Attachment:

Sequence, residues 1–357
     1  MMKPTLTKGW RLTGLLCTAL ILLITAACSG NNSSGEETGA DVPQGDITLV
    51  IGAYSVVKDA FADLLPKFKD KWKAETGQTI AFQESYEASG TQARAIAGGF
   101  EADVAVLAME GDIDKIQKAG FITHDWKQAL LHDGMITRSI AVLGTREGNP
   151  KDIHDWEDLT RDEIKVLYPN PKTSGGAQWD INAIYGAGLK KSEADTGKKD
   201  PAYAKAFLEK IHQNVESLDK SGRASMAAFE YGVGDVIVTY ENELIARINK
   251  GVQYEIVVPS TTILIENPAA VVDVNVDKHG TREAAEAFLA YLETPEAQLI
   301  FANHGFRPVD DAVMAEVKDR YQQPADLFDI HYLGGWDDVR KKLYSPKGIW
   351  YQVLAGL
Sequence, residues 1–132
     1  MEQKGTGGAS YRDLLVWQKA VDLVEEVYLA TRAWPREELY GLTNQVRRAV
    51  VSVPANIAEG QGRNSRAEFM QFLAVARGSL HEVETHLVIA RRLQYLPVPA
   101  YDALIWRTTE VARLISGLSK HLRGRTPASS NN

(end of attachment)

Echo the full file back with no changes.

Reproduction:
Sequence, residues 1–357
     1  MMKPTLTKGW RLTGLLCTAL ILLITAACSG NNSSGEETGA DVPQGDITLV
    51  IGAYSVVKDA FADLLPKFKD KWKAETGQTI AFQESYEASG TQARAIAGGF
   101  EADVAVLAME GDIDKIQKAG FITHDWKQAL LHDGMITRSI AVLGTREGNP
   151  KDIHDWEDLT RDEIKVLYPN PKTSGGAQWD INAIYGAGLK KSEADTGKKD
   201  PAYAKAFLEK IHQNVESLDK SGRASMAAFE YGVGDVIVTY ENELIARINK
   251  GVQYEIVVPS TTILIENPAA VVDVNVDKHG TREAAEAFLA YLETPEAQLI
   301  FANHGFRPVD DAVMAEVKDR YQQPADLFDI HYLGGWDDVR KKLYSPKGIW
   351  YQVLAGL
Sequence, residues 1–132
     1  MEQKGTGGAS YRDLLVWQKA VDLVEEVYLA TRAWPREELY GLTNQVRRAV
    51  VSVPANIAEG QGRNSRAEFM QFLAVARGSL HEVETHLVIA RRLQYLPVPA
   101  YDALIWRTTE VARLISGLSK HLRGRTPASS NN